House Republicans are scheduled to caucus around 1 p.m. on Tuesday about the “fiscal cliff” deal that Vice President Joe Biden cut late yesterday with Senate Minority Leader Sen. Mitch McConnell (R-KY). It’s unclear if House Republicans will support the bill that passed the Senate around 2 a.m. by an 89-8 vote. Only five Senate Republicans–Sens. Sen. Marco Rubio (R-FL) of Florida, Sen. Mike Lee (R-UT) of Utah, Sen. Rand Paul (R-KY) of Kentucky, Chuck Grassley of Iowa and Sen. Richard Shelby (R-AL) of Alabama–voted against the deal. Three Senate Democrats joined them.
If less than 50 percent of House Republicans support the deal in caucus, principle would require Boehner to refuse to bring the bill to the floor of the House for a vote. That’s because a precedent set by former Republican House Speaker Denny Hastert, dubbed the “Hastert Rule,” requires that a Speaker have support from at least 50 percent of his or her own caucus before bringing a bill to the floor for a vote.
When Democrat Rep. Nancy Pelosi (D-CA) was the Speaker, she largely followed the Hastert Rule as well.
While the majority of Senate Republicans having supported this deal may give political cover to House Republicans wishing to support it, there are reports that a majority of the House GOP will oppose the bill.
Ron Meyer, the spokesman for conservative group American Majority Action, said in a Monday evening email to reporters that he “heard directly from senior GOP conservative members in the House that Speaker Boehner does not have a majority of support from the GOP caucus–not even close.”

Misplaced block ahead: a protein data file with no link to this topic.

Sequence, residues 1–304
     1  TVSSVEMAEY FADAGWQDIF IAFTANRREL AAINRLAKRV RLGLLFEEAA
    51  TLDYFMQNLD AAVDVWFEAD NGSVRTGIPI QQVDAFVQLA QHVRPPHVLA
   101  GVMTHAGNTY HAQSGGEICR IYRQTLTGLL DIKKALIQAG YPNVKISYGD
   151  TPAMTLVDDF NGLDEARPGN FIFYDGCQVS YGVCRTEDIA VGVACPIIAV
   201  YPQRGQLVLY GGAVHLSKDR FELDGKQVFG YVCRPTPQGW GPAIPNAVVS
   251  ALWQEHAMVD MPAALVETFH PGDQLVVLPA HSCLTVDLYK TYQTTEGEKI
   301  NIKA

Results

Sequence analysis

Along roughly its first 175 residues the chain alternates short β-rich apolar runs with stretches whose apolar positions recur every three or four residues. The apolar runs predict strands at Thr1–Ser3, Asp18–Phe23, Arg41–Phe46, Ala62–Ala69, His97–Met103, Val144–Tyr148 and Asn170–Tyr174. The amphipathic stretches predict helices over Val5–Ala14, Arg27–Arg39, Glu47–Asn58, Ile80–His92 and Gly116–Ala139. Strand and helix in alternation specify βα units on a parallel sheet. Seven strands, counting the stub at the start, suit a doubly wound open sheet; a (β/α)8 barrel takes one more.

“These sources tell me Boehner has indicated he won’t bring up a plan without 50% GOP support,” Meyer said. “The McConnell-Biden compromise does not meet that threshold.”
While Boehner aides have told the Associated Press that he believes in and abides by the Hastert Rule, they wouldn’t answer when asked by the AP or Breitbart News if the Speaker would follow the rule when it comes to the “fiscal cliff” or this deal specifically.
The deal on the table deal veers far from what Republicans maintain a deal should address. According to the Congressional Budget Office, it only cuts $15 billion in spending while raising $620 billion in new tax revenue. That’s an unprecedented 41:1 tax increases to spending cuts ratio.
If Boehner violates the Hastert Rule and allows a vote to happen on this deal, he’ll likely need Democrats to vote for it so it can pass. Biden is reportedly helping Pelosi whip up House Democratic support for the deal around noon on Tuesday.
Boehner’s speakership itself may be on the line here, too. If he violates his principles yet again–as he did with his fiscal cliff “Plan B”–House Republicans may band together to remove him from office on Thursday. If only 17 House Republicans oppose Boehner’s re-election as Speaker, the vote for Speaker moves to additional balloting, where he could be vulnerable to a conservative challenger.